Ptosis is a condition characterized by drooping of the upper eyelids when the eye is open. It may be congenital (present at birth) or occur later in life



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Ptosis

Ptosis is a condition characterized by drooping of the upper eyelids when the eye is open. It may be congenital (present at birth) or occur later in life. It is generally divided into several types that are determined by the cause of the drooping eyelid: Myogenic, Neurogenis, Mechanical, and Involutional.

Myogenic ptosis is usually caused by a muscle disorder. The two muscles responsible for raising the eyelid are the levator muscle and Mueller’s muscle. In some cases the ptosis is a result of all voluntary muscles in the body weakening because of abnormalities in the muscles. Congenital myogenic ptosis is a result of scarred or non-functional eyelid muscles. Some forms of myogenic ptosis respond to medication.

Neurogenic ptosis is caused by abnormal nerve function. The nerve responsible for raising the eyelid is the oculomotor nerve. The eyelid will droop if the oculomotor nerve is damaged. In most cases neurogenic ptosis occurs adventitiously. Diabetes, tumors, aneurysms, strokes and injuries are all conditions that can affect the oculomotor nerve. Mueller’s muscle,which raises the eyelid, is controlled by several nerves known as the sympathetic nerves. Sympathetic nerve damage can cause a minor drooping of the eyelid. Sympathetic nerves travel at the top of the chest cavity; thus, abnormalities in the lungs can lead to ptosis. Malignant tumors in the lungs can also lead to ptosis. Some types of neurogenic ptosis run their course and improve over time.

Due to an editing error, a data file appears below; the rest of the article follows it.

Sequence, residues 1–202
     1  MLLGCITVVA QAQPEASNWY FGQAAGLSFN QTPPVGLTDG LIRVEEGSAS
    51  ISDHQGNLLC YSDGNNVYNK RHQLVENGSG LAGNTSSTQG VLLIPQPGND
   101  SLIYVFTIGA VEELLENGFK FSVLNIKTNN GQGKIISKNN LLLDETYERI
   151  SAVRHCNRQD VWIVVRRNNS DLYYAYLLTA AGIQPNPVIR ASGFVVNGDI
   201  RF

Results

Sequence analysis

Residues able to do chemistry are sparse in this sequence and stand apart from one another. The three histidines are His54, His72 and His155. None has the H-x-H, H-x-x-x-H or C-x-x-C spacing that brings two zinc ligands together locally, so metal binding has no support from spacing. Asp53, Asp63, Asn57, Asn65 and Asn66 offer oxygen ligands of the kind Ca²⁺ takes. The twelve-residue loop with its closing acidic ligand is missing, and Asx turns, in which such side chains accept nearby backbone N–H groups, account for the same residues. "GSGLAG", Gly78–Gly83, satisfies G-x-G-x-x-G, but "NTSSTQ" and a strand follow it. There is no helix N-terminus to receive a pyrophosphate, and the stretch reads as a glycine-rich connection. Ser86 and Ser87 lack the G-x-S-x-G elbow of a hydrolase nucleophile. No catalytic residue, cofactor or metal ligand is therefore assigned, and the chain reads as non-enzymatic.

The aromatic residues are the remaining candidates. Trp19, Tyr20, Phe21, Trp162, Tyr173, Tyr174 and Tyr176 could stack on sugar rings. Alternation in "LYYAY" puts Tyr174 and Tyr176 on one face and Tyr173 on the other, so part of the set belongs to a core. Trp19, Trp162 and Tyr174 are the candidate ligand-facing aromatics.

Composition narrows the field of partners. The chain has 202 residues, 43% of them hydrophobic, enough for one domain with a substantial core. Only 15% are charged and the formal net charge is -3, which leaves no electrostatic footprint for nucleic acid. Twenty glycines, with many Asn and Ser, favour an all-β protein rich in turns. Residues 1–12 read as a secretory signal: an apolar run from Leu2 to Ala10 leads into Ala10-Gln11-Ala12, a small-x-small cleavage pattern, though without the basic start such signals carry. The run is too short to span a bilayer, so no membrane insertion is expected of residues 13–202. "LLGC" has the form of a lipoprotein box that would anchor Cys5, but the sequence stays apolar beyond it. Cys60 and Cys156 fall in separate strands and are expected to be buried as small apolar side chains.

A third type of ptosis is mechanical. Mechanical ptosis is a result of eyelids that are simply too heavy to lift. Eyelids may become heavy with extra skin, fat, or tumors. Mechanical ptosis can generally be corrected with surgery.

Involutional ptosis develops as a result of the aging process or stretched eyelid tissue when the muscle attatchments to the eyelid degenerate. The nerves and muscles function properly; however, the muscle is no longer fully attached to the eyelid. Although the muscle contracts, the eyelid cannot come up.

Most problems from ptosis can be corrected surgically. The muscles can be shortened to increase pulling strength of the eyelid or can be reattached to the eyelid. In some cases, the eyelids can be raised with tissues attached to the eyebrows ; the lid is lifted when the eyebrow is raised.

Other conditions associated with ptosis are strabismus (improperly aligned eyes), refractive errors, or astigmatism. In most cases ptosis affects visual field but may also result in blurred vision (acuity). Ptosis may be indirectly responsible for serious neck problems when an individual tips his or her head back to see underneath the drooping eyelid. If congenital ptosis blocks any part of the child’s visual field, it must be corrected through surgical procedures as soon as possible. If left untreated, permanent loss of vision may occur as a result of amblyopia (lazy eye). Amblyopia prevents the eye from developing normal vision during early childhood.


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